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newly diagnosed: help with clinical trial info please?

Posts: 2
Joined: Mar 2010

My husband was recently (last week) diagnosed with Stage III. I'm a bit overwhelmed by clinical trial web searching. We are interested in the PLX 4032. Could anyone help guide me through? Thanks, Mary

GinSue's picture
Posts: 19
Joined: Jun 2009

Hi Mary!

Fortunately, I was blessed with an excellent Oncology team. I live in North Carolina and received the majority of my care at Duke but started out at UNC Hospitals in Chapel Hill. Chapel Hill performed most of my surgeries but when I developed in-transit disease, they did not have a treatment plan and referred me to Duke. When it became clear that they could no longer provide me the care I needed, my oncologist at Duke referred me to another Oncologist who specializes in Melanoma so we could pursue clinical trials and find one that was right for me. I was referred to Dr. Keith Flaherty of Massachusetts General Hospital in Boston. His research nurse is Caroline Kuhlman. The phone number is 617-724-4000. We were VERY pleased with the information they gave us. My husband and I flew there to discuss available trials and Dr. Flaherty recommended two options for me (although there were more, these were the most promising). One was a trial at the National Cancer Institute (NCI) and the other was the Plexicon trial by Roche (which is now under a different name). Since I had already been tested to see if I had the BRAF mutation of melanoma and I was positive, his team found a spot for me on the trial in Texas. We are flying back and forth to participate in the trial. It is required that the patient had received and failed a previous treatment and be BRAF positive. This is a Phase II trial and it is called NP22657 and the drug name is RO5185426. However, I think all the spots have been filled but it is worth checking into. Even if your husband has been tested for the BRAF mutation and was negative, there have been reports of both false negatives and false positives. If you find an opening, they will do their own testing to confirm either way.

They are also beginning a double blind study of the same Plexxikon drug which means there is a 50/50 chance you will get the drug or another treatment call Dacarbazine (sp?) which has also shown some benefit. Either way, you will be getting a treatment drug and not a placebo. For this particular study, the patient must be treatment naïve, meaning they must not have had any previous treatments for the melanoma. Follow this link to learn more about this trial. http://www.cancer.gov/search/ViewClinicalTrials.aspx?cdrid=658966&version=HealthProfessional&protocolsearchid=7423800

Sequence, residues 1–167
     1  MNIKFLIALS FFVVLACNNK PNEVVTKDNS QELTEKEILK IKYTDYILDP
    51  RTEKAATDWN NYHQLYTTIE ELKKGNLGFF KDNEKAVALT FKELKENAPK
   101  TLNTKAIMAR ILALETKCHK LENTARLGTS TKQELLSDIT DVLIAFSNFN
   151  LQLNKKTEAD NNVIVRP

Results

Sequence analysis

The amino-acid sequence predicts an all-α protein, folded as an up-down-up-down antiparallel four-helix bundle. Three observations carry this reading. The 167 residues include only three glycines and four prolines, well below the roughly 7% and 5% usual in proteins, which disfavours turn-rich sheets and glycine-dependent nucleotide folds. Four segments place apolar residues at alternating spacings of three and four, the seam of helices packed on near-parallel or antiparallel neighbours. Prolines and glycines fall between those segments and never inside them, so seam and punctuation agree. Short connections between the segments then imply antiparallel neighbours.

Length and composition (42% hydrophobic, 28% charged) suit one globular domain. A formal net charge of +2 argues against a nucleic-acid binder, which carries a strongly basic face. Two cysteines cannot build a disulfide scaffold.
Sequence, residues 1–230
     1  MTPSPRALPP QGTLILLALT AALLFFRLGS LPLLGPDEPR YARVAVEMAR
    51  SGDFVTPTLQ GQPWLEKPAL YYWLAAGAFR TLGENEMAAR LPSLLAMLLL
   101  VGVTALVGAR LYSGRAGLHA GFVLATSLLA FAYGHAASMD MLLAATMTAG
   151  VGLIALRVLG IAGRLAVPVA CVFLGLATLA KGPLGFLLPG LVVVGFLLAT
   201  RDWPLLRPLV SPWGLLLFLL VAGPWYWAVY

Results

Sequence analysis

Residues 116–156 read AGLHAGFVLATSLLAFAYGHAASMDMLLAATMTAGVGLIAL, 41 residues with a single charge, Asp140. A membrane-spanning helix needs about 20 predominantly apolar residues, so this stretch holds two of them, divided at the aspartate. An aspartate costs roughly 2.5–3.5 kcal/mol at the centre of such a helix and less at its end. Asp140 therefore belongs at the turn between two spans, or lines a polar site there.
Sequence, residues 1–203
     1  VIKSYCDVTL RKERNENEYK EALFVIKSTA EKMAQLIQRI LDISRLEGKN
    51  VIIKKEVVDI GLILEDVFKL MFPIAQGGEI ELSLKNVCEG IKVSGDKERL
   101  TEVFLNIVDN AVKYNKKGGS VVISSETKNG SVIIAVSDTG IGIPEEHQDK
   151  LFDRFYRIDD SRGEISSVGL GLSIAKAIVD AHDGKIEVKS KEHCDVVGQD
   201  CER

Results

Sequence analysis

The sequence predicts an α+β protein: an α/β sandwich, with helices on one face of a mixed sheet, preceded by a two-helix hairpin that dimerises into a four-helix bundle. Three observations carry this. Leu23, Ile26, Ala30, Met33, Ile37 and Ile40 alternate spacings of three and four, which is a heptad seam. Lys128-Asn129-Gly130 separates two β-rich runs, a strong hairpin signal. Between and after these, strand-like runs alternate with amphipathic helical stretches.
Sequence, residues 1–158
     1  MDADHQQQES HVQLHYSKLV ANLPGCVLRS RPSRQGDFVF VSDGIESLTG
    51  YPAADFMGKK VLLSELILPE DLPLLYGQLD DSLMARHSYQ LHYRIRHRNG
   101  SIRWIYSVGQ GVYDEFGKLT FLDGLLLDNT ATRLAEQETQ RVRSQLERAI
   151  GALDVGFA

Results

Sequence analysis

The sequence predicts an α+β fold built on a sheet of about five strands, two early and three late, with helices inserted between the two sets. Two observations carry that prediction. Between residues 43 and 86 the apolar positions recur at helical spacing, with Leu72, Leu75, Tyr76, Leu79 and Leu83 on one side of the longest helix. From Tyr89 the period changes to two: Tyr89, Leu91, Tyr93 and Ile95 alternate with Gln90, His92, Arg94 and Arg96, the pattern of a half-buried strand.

As for searching for clinical trials I have found two websites that contain good info. Try http://clinicaltrials.gov/ and http://www.cancer.gov/clinicaltrials The second is the National Cancer Institute website.

It is a daunting task as the language is not always easy to understand but most trials will list a contact and they are usually very helpful. Also, ask your oncology team to assist you with finding a trial or refer you to someone who can. If you don't feel like you are receiving the care you need from your oncology team, then please seek an oncologist elsewhere.

I hope this helps you and good luck with your search. I know this is a difficult situation but there is hope.

May God bless you and your family!

Posts: 23
Joined: Jan 2010

My wife started a clinical trial last week for PLX4032, know known as RO5185426. Be careful when choosing a clinical trial, though - the Phase III trial only provides 50% of the patients with the drug, and the rest get chemo. There is no "end-point" for those on the chemo to get the trial drug, either. My wife started the new Phase I trial for the same drug. Yes, it's a Phase I trial, but its the same, exact drug - they are testing how it will react with common, everyday drugs like prilosec, caffiene, stuff in Robetussin (sp?), ect. Best part is that everyone gets the drug. We are going back and forth from UCLA for it, but the Phase I trail is also approved at Vanderbilt in Nashville.

My wife was diagnosed in November with Stage 4. This sucks big time, but we are fortunate that we now live in an era where huge strides are being made. You can thank the mapping of the human genome for a lot of this, too.

Best of luck with however you decide to go!


Posts: 23
Joined: Jan 2010

Here are links to a series of articles that appeared on the front page of the NY Times last week on PLX4032 / RO5185426:





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